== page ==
This article covers the 10 most common reasons the blower fan does not turn on! A blower motor may be installed in a forced air gas or oil furnace, air handler, or packaged unit. There are multiple reasons why the motor won't start and these are based on the type of unit, controls, and the blower motor type.
Problem # 1: Capacitor
When an HVAC unit is equipped with a PSC (Permanent Split Capacitor) blower fan, a capacitor is required to both start and run the motor. The capacitor's job is to store and then discharge electrical energy in order to create an artificial phase of electricity for the blower motor power supply.
Testing the capacitor:
First, turn the main power switch to the unit to the off position. Verify the power is off with a multimeter.
Remove the electrical wires from the capacitor.
Temporarily mount a 2K ohm bleed-resistor onto the capacitor to bleed off any residual voltage. Leave the bleed resistor on for 4-5 seconds (see first photo below).
A multimeter that is capable of reading MFD (microfarads) should be connected to the capacitor by mounting one probe on one terminal and the other multimeter probe to the second terminal (see second photo below). Make sure the multimeter function is set on MFD and keep the probes on the capacitor for 10-20 seconds to get an accurate measurement.
If the MFD reading displayed on the multimeter is within + or - 6% of the MFD rating on the side of the capacitor, it is still good. If it is outside this range, the capacitor is bad. The second photo below shows a MFD reading of .626 when it should be 10MFD so this capacitor is bad.
Problem # 2: Blower Motor
After a bad capacitor has been replaced, the blower motor may turn on intermittently and have a burning smell. This occurs because the blower motor sustained damage due to the bad capacitor. When the bad capacitor is in the unit, the high temperature thermal limit prevents the windings from opening up or shorting out when the rotor is not spinning. However, the resin insulation on the motor windings melt down and degrade. This results in the motor overheating and failing even after a good capacitor is installed. This failure may occur with thirty minutes of the new capacitor being installed or even a couple days after the new capacitor is installed.
It is difficult to tell if the blower motor has sustained damage due to a bad capacitor because a standard digital multimeter does not have the ability to do a deep enough test. A megohmmeter (also known as a megger) may be needed.
NOTE: Any time you have a bad capacitor, be ready to also replace the blower motor.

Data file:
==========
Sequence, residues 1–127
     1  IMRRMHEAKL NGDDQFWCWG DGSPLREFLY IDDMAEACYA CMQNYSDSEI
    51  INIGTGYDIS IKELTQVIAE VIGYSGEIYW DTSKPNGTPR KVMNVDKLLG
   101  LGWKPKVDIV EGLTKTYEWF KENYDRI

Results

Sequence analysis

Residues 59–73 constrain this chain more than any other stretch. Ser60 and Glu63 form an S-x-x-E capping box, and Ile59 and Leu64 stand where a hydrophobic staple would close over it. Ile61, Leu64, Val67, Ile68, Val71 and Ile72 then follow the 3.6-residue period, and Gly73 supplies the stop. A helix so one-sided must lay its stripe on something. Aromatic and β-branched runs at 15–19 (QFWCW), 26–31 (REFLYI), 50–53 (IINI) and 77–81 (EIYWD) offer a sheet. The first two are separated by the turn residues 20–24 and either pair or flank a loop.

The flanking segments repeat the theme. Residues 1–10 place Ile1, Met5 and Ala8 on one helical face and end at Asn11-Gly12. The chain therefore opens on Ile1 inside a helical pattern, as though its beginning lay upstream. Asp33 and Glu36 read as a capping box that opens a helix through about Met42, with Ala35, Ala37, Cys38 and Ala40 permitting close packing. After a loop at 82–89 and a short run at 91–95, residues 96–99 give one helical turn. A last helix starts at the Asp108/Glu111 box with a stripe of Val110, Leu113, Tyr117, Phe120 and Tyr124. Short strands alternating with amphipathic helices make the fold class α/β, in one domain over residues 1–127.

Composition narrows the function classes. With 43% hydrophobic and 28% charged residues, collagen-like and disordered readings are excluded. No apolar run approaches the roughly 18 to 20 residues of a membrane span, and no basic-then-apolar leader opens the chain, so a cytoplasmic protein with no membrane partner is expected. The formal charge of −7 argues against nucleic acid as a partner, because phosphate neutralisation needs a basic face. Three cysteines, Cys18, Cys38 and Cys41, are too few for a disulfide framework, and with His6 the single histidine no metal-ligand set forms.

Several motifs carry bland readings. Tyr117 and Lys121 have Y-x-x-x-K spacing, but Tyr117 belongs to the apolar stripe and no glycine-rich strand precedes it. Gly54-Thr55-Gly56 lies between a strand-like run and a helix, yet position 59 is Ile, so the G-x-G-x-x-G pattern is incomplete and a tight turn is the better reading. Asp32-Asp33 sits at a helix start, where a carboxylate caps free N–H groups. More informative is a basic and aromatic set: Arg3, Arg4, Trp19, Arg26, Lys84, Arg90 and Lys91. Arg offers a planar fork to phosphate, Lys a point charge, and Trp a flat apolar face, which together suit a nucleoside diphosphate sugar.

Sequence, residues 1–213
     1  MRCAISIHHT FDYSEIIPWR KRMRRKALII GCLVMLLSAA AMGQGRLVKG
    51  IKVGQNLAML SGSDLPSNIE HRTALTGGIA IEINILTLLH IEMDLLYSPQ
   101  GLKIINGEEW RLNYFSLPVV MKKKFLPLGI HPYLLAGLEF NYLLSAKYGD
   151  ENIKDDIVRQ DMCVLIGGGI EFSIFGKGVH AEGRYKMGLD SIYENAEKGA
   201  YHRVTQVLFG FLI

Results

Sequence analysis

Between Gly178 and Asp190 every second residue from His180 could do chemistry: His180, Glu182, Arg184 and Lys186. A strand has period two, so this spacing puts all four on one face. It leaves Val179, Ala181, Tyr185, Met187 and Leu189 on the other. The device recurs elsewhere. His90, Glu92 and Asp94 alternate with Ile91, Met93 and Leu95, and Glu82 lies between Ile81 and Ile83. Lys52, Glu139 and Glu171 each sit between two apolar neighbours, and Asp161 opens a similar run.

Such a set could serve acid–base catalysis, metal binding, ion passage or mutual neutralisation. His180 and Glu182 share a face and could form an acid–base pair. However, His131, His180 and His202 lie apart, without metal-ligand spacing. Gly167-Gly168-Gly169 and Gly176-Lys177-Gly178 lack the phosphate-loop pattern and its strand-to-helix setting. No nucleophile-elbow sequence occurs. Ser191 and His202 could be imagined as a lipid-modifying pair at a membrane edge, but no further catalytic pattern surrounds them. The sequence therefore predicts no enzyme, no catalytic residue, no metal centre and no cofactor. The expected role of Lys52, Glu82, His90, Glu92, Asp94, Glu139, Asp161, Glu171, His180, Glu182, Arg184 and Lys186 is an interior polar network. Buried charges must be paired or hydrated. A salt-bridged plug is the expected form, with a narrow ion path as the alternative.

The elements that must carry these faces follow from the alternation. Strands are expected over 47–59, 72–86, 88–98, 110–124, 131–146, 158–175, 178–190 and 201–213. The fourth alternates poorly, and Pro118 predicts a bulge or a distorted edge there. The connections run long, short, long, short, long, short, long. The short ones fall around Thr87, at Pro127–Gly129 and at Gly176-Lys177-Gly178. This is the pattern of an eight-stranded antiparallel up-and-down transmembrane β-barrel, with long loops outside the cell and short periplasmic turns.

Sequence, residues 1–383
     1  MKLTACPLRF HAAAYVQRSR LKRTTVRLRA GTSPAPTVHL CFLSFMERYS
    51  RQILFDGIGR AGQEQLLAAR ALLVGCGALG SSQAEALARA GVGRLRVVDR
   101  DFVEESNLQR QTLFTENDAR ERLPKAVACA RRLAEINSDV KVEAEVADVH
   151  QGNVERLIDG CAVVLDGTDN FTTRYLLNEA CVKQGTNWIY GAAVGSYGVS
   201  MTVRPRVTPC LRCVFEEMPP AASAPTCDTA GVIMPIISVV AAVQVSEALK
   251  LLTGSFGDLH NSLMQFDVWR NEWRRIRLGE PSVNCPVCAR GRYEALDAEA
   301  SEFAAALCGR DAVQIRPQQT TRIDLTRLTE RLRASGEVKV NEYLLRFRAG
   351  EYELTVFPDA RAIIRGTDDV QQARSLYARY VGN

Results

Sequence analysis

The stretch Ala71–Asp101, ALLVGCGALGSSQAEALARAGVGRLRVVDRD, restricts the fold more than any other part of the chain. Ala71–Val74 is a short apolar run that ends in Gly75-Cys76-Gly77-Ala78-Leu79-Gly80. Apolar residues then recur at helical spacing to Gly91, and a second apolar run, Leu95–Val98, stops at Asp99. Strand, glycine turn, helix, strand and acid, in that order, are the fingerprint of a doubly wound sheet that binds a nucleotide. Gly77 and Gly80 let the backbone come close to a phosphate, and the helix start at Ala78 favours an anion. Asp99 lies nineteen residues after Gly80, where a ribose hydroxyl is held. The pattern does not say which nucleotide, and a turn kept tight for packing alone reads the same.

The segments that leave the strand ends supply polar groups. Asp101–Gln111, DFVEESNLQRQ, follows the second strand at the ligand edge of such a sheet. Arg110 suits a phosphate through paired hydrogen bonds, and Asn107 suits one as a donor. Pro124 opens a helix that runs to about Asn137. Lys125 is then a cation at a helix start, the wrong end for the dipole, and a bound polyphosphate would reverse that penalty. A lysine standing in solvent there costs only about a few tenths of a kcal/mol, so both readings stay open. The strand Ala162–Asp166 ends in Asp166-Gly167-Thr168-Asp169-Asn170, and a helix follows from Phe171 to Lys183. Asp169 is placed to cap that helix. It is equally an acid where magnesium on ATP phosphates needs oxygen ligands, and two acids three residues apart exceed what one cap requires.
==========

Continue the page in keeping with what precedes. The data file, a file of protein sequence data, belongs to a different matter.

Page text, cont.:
Problem # 3: Blower Motor Electrical Windings
If the blower motor windings have opened up, shorted together, or shorted to ground, the motor will not start. This can be tested with a digital multimeter while the power is off to the unit.
Be sure the blower motor is cool before testing the windings because if the motor is overheated, the internal thermal limit switch on the common wire may be open. This may fool you into thinking the motor windings are burnt open/apart when in fact, the motor just needs time to cool down before testing.
Use a multimeter to check the resistance values between each of the wires leading to the blower motor. To do this, make sure the power is off and the wires are disconnected from the control board (see photo above).
Below is an example of a 120v PSC (permanent split capacitor) blower motor from a gas furnace.
common (white) and black (highest fan speed)= lowest resistance value
common (white) and blue (middle fan speed)= medium resistance value
common (white) and red (lowest fan speed)= highest resistance value
Leave the probe in the common wire while you check each of the capacitor leads (see photo below).
When testing between the common and one of the capacitor leads, the resistance values may be 4-6 times higher than the highest of the motor speed wire's resistance. When testing between the common and the other capacitor lead, the resistance value may match or be close to the value of one of the speed wires such as the lowest speed wire.
At this point, if the resistance value measured from the common to each of the capacitor leads are intact and does not measure 0.L, this means all the blower motor wires within the motor are intact. There are no open shorts because we testing the speed wires in the previous steps.
Next, check from one of the wires to the ground frame (the blower motor casing). The multimeter should read 0.L (see photo below).
NOTE: If the reading to ground is anything other than 0.L to ground, it means one of the windings is shorted onto the ground frame and the blower motor is bad.
Problem # 4: Blower Motor Bearings
With the power off to the unit, reach in and grab the center of the blower motor (see photo below).
Spin it to see how easily it turns.
Wiggle it to see if it falls into a groove or indentation.
If the motor does not turn easy, or the it wiggles while spinning, there may be a bad bearing.
Problem # 5: ECM Blower Motor Module
If a unit has an ECM (electronically commutated motor) blower, these motors have high voltage power any time the unit is powered. Then the motor module is waiting for a low voltage signal to know when it should turn on and at what speed. If the ECM motor has a low voltage signal along with high voltage power, but the motor isn't turning on, the problem most likely is a bad module. Use a multimeter to determine if there is high voltage power to the motor (see photo below).
To visually inspect the motor module, first, turn off the power to the unit and disconnect the wires attaching to the module.